Now that, my friends, is a save

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Oakland’s Jerry Blevins replaced Grant Balfour in a 6-5 game with runners at the corners and no outs against the Angels on Tuesday night. He promptly struck out Kendrys Morales and induced a double-play ball from Howie Kendrick to give the A’s a win.

The Angels were attempting to come back from 6-3 down in the ninth when Chris Iannetta and Mike Trout started the frame with walks. Torii Hunter and Albert Pujols followed with a pair of RBI singles, at which point A’s manager Bob Melvin removed Balfour.

The left-handed Blevins was the choice to take over, even though Morales is a switch-hitter and Kendrick bats righty. He got the job done in a big way for his second career save in 205 appearances. His other save came in 2010 against the Rays.

For Kendrick, it was the 23rd double play grounded into of the season. He’s tied with Michael Young for second in the AL, three behind Miguel Cabrera.

The A’s have taken the first two in a four-game series in Anaheim to move 4 1/2 games ahead of the Angels in the AL West. At 81-60, they have the second best record in the AL, two games ahead of the Yankees and Orioles.

Must-Click Link: The Day a Mascot Got Ejected

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Today Jonah Keri gives us a fantastic story about a crazy game.

The Dodgers played the Expos in Montreal 28 years ago today. The game went 22 innings. It was a 1-0 game. More notable than the 21 and a half innings of scoreless ball, however, was the fact that Dodgers manager Tommy Lasorda got the Expos mascot — Youppi — ejected. The Dodgers and Expos didn’t score much that year overall, but when have you ever seen a mascot ejected?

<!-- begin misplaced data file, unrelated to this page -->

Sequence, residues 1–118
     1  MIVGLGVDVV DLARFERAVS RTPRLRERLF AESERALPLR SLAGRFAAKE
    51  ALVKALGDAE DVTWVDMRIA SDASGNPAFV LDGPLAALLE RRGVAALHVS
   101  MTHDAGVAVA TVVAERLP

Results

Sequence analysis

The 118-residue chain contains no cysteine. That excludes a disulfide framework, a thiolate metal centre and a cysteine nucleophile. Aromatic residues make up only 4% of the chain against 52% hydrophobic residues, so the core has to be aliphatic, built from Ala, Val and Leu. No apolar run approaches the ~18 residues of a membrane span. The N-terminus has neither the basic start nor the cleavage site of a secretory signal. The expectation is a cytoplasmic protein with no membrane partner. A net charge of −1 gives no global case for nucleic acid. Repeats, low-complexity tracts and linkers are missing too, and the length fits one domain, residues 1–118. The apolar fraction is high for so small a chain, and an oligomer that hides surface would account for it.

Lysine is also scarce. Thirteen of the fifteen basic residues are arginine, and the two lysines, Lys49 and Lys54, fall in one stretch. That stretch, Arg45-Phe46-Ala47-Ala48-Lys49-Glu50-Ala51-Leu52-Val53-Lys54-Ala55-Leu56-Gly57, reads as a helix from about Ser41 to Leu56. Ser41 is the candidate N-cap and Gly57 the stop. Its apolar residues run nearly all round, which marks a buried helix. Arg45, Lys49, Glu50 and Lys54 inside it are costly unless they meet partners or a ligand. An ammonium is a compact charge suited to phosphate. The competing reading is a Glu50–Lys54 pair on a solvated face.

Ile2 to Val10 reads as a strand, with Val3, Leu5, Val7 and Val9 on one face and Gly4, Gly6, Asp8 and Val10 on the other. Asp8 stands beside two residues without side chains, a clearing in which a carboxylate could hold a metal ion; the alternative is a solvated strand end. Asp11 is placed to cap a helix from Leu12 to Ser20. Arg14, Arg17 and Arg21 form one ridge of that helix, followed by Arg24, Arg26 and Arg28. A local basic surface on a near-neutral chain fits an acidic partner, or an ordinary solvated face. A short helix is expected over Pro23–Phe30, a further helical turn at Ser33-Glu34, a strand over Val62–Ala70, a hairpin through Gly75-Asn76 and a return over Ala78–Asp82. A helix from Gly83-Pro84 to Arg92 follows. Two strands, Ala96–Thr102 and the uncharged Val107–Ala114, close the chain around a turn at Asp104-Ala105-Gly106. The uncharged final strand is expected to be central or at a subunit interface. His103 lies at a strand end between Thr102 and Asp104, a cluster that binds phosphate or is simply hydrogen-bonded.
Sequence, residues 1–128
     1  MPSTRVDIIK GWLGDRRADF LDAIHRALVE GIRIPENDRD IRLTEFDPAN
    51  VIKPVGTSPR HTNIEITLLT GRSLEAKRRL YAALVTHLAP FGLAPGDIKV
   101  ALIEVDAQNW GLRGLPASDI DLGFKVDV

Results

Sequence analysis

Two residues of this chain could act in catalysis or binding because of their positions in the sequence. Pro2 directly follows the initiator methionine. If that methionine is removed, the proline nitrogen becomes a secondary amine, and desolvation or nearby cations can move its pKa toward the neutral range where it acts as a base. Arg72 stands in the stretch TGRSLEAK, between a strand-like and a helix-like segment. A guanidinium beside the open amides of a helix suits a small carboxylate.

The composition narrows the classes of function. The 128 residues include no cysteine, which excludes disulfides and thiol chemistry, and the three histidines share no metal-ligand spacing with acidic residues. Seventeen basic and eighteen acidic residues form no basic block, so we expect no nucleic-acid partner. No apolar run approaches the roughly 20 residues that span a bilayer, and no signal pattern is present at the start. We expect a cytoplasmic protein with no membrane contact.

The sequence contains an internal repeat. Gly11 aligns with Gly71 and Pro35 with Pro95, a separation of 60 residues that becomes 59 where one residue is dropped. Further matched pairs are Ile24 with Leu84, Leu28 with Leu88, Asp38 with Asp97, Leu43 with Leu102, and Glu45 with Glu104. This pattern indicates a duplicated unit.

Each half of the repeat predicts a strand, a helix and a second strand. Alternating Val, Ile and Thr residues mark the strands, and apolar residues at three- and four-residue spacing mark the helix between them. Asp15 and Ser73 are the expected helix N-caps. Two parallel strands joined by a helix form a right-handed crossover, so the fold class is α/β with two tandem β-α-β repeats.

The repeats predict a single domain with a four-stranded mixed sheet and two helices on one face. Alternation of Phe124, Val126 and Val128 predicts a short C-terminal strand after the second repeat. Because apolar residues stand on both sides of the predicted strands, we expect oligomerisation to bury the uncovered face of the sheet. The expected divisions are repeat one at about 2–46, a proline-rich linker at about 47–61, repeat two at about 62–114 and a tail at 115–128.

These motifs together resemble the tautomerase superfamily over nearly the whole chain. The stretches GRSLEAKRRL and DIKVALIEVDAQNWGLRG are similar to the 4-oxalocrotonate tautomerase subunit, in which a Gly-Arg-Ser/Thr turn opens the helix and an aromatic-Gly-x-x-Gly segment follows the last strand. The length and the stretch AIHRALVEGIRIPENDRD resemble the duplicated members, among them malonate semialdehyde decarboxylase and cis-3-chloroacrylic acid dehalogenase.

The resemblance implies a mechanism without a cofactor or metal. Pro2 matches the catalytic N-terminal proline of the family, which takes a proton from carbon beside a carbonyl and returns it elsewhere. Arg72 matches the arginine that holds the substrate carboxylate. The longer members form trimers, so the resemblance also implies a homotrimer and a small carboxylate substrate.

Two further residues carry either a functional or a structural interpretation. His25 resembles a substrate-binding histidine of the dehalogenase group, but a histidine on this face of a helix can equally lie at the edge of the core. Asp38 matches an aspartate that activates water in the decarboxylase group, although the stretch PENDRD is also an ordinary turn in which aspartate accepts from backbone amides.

Some good lunchtime reading for y’all, complete with silly GIFs and a video of the whole dang game if you hate yourself so much that you’d watch it all in its entirety.

Nicholas Castellanos hit an inside-the-park homer that shouldn’t have been

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Last night the Yankees pasted the Tigers in Detroit, but the hometown crowd did get something entertaining to send them on their way: an inside-the-park homer from Nicholas Castellanos.

At least that’s technically what it was. It would be a single and a three-base error if our official scoring made any sense.

Watch the play below. It’s all put in motion by Jacoby Ellsbury‘s decision to try to make a slide catch on the ball, misjudging it and allowing it to skip over 100 feet to the wall:

Since Ellsbury didn’t touch it it wasn’t called an error — errors are rarely if ever called on poor plays that don’t result in a fielder actually touching the ball — but it was certainly a mental error to not let the ball bounce and ensure that it didn’t get past him. Especially with such a big lead.

Oh well, that’s baseball for you.